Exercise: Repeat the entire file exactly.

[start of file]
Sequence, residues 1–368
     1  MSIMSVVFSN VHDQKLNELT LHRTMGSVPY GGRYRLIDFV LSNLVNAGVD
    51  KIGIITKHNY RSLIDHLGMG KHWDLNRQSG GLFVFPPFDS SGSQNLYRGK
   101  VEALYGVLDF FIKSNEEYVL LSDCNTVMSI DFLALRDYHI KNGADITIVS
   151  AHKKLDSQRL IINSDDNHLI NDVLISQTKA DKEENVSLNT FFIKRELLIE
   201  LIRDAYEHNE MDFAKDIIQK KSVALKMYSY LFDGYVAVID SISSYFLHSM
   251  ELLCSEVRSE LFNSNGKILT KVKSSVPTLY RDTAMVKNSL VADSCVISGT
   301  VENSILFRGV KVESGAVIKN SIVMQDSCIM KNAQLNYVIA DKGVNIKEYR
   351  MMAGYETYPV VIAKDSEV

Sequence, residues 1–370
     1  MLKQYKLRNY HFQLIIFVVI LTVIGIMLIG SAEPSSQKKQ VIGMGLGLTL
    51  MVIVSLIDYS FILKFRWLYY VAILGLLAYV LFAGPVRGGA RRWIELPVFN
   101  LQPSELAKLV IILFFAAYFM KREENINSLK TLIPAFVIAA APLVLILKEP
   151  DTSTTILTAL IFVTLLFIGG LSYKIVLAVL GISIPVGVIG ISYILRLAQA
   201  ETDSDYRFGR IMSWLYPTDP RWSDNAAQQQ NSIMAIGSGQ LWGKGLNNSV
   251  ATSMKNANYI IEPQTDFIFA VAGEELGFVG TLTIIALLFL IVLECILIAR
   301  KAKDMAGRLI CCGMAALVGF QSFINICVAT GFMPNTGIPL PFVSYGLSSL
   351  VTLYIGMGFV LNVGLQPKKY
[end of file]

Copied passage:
Sequence, residues 1–368
     1  MSIMSVVFSN VHDQKLNELT LHRTMGSVPY GGRYRLIDFV LSNLVNAGVD
    51  KIGIITKHNY RSLIDHLGMG KHWDLNRQSG GLFVFPPFDS SGSQNLYRGK
   101  VEALYGVLDF FIKSNEEYVL LSDCNTVMSI DFLALRDYHI KNGADITIVS
   151  AHKKLDSQRL IINSDDNHLI NDVLISQTKA DKEENVSLNT FFIKRELLIE
   201  LIRDAYEHNE MDFAKDIIQK KSVALKMYSY LFDGYVAVID SISSYFLHSM
   251  ELLCSEVRSE LFNSNGKILT KVKSSVPTLY RDTAMVKNSL VADSCVISGT
   301  VENSILFRGV KVESGAVIKN SIVMQDSCIM KNAQLNYVIA DKGVNIKEYR
   351  MMAGYETYPV VIAKDSEV

Sequence, residues 1–370
     1  MLKQYKLRNY HFQLIIFVVI LTVIGIMLIG SAEPSSQKKQ VIGMGLGLTL
    51  MVIVSLIDYS FILKFRWLYY VAILGLLAYV LFAGPVRGGA RRWIELPVFN
   101  LQPSELAKLV IILFFAAYFM KREENINSLK TLIPAFVIAA APLVLILKEP
   151  DTSTTILTAL IFVTLLFIGG LSYKIVLAVL GISIPVGVIG ISYILRLAQA
   201  ETDSDYRFGR IMSWLYPTDP RWSDNAAQQQ NSIMAIGSGQ LWGKGLNNSV
   251  ATSMKNANYI IEPQTDFIFA VAGEELGFVG TLTIIALLFL IVLECILIAR
   301  KAKDMAGRLI CCGMAALVGF QSFINICVAT GFMPNTGIPL PFVSYGLSSL
   351  VTLYIGMGFV LNVGLQPKKY